IT WAS one of those infuriating days at the Amateur Championship when Mother Nature teased and tormented and everyone ended up twiddling their thumbs into calloused stumps.
Royal Portrush and nearby Portstewart, the co-hosts for the strokeplay qualifying stages of the unpaid game's flagship event, were both shrouded in fog. The pesky stuff rolled in and rolled out. The players went out and were called back in. With 288 increasingly flustered competitors, it was more like a bewildering golfing version of the Hokey Cokey.
There was, quite literally, not a lot to see. On a thinly-populated driving range at Portstewart, Javier Ballesteros, the son of the late, great Seve, battered away at a bucket of balls. Through the enveloping mist, it remained an instantly recognisable, alluringly familiar vision and one which evoked cherished images ofa glorious past.
"When I saw Javier, I saw Seve," were the words of another celebrated Spaniard, Jose Maria Olazabal, when he partnered the eldest son of European golf's most swashbuckling talisman during a round in the build up to January's Dubai Desert Classic. The small gathering of curious locals who observed Master Ballesteros quietly working his way through the bag yesterday would certainly have echoed Olazabal's sentiments. The stance, that flashing smile; Javier is his faither's son all right.
On the course, he has been known to visit those various points of the compass and the uncharted territory that his dad used to explore in carefree abandon during his captivating pomp.
The miraculous recovery from the apparently impenetrable wreckage of the wayward tee-shot is in the 23-year-old's genes although he couldn't quite salvage something special from a particularly torrid opening round at Portrush on Monday. "I wasn't practising well in the days before to be honest and it didn't really surprise me that I didn't play very well either," sighed Ballesteros, as he reflected on a turbulent 81. "You know this game: sometimes you play well; sometimes you don't."
A law student at university in Madrid, Ballesteros is making his first tentative steps on the international amateur circuit and harbours ambitions of a professional career. "I hope my future is in golf," he said. Wherever he goes, the spirit of his father lives on.
Last month he made his debut in the Lytham Trophy over the storied Lancashire links where Seve captured two of his three Open Championship titles. "I got a very good reception at Lytham, because of my dad; the people were very nice," added the youngster.
Following in the footsteps of a sporting icon is never easy but, for the softly spoken Javier, there is no overwhelming burden of expectation. His father's flamboyant sense of adventure, his magnetic charisma and his unwavering passion endeared him to millions. In return, he was showered with an adulation and an affection that continues to stir the emotions of those who hold golf dearly. Next week, the film Seve, a docu-drama focusing on his formative years, will be released in cinemas.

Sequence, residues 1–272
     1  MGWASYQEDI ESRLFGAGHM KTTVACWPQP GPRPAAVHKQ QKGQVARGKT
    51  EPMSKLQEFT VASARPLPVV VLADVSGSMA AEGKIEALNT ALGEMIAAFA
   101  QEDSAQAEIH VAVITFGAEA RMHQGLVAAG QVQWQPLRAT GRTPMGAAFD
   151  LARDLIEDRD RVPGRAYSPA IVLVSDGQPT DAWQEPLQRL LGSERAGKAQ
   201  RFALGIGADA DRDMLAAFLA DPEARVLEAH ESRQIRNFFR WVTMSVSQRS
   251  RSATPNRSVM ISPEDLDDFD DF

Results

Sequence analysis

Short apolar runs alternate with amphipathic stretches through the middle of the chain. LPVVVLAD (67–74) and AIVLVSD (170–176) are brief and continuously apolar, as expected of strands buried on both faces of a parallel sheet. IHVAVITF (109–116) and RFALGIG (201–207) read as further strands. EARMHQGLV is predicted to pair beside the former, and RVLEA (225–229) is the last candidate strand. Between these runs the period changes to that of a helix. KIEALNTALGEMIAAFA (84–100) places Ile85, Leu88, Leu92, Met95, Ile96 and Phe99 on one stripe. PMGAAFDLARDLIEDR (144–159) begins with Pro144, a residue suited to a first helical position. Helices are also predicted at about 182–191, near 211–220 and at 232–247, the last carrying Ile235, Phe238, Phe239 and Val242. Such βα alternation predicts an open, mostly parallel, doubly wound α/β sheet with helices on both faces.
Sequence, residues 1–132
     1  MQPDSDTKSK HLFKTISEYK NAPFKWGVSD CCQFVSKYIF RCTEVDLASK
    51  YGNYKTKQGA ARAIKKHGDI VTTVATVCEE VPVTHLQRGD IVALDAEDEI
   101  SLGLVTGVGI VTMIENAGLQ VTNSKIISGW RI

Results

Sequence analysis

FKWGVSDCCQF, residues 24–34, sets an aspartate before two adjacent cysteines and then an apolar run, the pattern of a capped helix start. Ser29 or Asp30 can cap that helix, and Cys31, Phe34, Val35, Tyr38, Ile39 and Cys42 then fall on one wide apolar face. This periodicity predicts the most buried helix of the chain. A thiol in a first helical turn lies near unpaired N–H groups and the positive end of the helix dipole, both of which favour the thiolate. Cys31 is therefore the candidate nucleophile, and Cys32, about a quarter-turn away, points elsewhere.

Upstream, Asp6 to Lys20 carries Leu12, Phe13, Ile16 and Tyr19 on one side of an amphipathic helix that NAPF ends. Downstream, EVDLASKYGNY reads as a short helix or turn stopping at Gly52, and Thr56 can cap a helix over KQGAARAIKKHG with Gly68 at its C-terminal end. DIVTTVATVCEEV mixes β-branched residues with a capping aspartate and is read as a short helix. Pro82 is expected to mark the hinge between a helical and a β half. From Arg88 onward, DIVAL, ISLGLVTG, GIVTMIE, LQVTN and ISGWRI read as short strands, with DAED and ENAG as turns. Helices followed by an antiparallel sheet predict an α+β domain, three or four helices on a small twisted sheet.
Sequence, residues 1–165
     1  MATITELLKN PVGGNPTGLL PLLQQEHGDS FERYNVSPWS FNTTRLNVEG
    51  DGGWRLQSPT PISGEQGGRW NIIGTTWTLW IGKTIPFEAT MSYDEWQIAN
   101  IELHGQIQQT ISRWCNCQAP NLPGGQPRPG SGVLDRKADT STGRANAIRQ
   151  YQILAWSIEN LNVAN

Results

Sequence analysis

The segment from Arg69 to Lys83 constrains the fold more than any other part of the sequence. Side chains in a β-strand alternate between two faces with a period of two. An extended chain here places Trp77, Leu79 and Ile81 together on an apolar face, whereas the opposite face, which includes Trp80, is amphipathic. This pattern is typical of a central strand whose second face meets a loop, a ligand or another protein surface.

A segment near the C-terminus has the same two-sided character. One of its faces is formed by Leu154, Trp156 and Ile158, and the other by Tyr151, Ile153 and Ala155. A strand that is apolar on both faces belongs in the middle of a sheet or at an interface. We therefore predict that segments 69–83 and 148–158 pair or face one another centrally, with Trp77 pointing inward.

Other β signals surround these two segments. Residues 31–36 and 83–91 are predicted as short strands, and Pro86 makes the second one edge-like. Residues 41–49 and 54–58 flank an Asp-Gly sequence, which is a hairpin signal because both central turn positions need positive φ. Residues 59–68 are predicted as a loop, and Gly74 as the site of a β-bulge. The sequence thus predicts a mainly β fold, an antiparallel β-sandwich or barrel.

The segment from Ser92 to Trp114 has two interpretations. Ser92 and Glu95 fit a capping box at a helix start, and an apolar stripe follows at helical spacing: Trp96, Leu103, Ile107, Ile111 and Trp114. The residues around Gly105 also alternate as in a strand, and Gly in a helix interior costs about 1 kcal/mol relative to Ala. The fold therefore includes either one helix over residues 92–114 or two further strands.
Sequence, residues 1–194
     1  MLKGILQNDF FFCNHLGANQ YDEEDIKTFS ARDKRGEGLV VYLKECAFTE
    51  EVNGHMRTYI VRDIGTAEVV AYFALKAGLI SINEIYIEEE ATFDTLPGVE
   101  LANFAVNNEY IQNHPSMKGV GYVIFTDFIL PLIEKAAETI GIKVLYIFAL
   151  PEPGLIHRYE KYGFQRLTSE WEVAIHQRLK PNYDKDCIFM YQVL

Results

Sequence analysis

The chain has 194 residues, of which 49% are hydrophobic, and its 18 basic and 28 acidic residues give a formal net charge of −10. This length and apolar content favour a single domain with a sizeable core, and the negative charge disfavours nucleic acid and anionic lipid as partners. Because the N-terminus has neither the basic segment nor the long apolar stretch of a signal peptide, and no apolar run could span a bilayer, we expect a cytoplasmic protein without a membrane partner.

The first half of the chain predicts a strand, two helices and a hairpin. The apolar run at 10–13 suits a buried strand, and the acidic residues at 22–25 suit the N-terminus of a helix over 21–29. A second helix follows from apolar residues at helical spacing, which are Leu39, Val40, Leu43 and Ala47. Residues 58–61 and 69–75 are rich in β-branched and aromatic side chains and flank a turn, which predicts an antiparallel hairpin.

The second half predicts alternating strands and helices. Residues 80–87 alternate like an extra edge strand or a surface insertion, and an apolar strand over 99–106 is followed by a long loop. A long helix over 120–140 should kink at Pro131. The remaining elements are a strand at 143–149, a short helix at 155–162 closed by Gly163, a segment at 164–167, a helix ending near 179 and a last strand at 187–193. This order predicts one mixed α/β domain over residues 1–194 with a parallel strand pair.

"Is it difficult for me to play with the attention? No," reflected Javier. "I do get a lot of attention but more so over here in Britain than at home. It is just nice for me to see how much people loved my father. People may expect more things from me. I don't know what expectations they have of me but I never get nervous or anything like that. I just play golf, enjoy it and try my best.
"Probably the best advice my father gave me was simple. He told me many, many times to just play as naturally as you can. He never put any pressure on me, he just always told me that things go well if you work hard and practise."
Given the groan-inducing length of the delay yesterday there was plenty of time to put in the graft. "The best part of my game is the short game," said this chip off the old block with a smile. "We would always go to the bunker and around the green and hit many balls. I'm not quite as good as dad was just yet."
Ballesteros did get out on the Portstewart links for a spell but play was eventually halted for the day at tea-time as the fog, like a silent assassin, continued to wreak havoc on proceedings; or the lack of them. At Portrush, meanwhile, there was a delay of more than eight hours and, while the players were back in position to resume on three different occasions, they were swiftly hauled off again.
The hard-pressed officials must have felt like flinging themselves off the Giant's Causeway in despair as the logistical hassles mounted.
"We have room for manoeuvre with the matchplay stage and can hopefully make up for lost ground but the priority just now is to get everyone through 36 holes," said Euan Mordaunt, the championship director. "We have been in touch with the Met Office and they said the fog is to keep coming."
The Amateur Championship may need to pull off a miraculous, Seve-style recovery to catch up at this rate.